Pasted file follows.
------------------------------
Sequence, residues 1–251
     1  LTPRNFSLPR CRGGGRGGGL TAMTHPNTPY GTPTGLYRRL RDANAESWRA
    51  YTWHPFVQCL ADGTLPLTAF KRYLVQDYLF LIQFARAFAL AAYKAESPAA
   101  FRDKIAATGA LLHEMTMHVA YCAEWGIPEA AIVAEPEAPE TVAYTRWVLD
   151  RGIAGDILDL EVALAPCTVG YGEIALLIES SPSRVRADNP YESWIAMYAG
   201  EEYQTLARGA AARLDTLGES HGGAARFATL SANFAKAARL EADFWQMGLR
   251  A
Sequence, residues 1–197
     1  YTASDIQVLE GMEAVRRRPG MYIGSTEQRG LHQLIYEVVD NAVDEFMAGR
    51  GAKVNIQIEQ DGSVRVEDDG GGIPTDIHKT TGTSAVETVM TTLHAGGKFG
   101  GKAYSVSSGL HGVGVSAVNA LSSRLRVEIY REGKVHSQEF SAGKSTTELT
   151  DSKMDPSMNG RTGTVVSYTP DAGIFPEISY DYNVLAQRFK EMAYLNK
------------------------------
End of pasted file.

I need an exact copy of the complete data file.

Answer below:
Sequence, residues 1–251
     1  LTPRNFSLPR CRGGGRGGGL TAMTHPNTPY GTPTGLYRRL RDANAESWRA
    51  YTWHPFVQCL ADGTLPLTAF KRYLVQDYLF LIQFARAFAL AAYKAESPAA
   101  FRDKIAATGA LLHEMTMHVA YCAEWGIPEA AIVAEPEAPE TVAYTRWVLD
   151  RGIAGDILDL EVALAPCTVG YGEIALLIES SPSRVRADNP YESWIAMYAG
   201  EEYQTLARGA AARLDTLGES HGGAARFATL SANFAKAARL EADFWQMGLR
   251  A
Sequence, residues 1–197
     1  YTASDIQVLE GMEAVRRRPG MYIGSTEQRG LHQLIYEVVD NAVDEFMAGR
    51  GAKVNIQIEQ DGSVRVEDDG GGIPTDIHKT TGTSAVETVM TTLHAGGKFG
   101  GKAYSVSSGL HGVGVSAVNA LSSRLRVEIY REGKVHSQEF SAGKSTTELT
   151  DSKMDPSMNG RTGTVVSYTP DAGIFPEISY DYNVLAQRFK EMAYLNK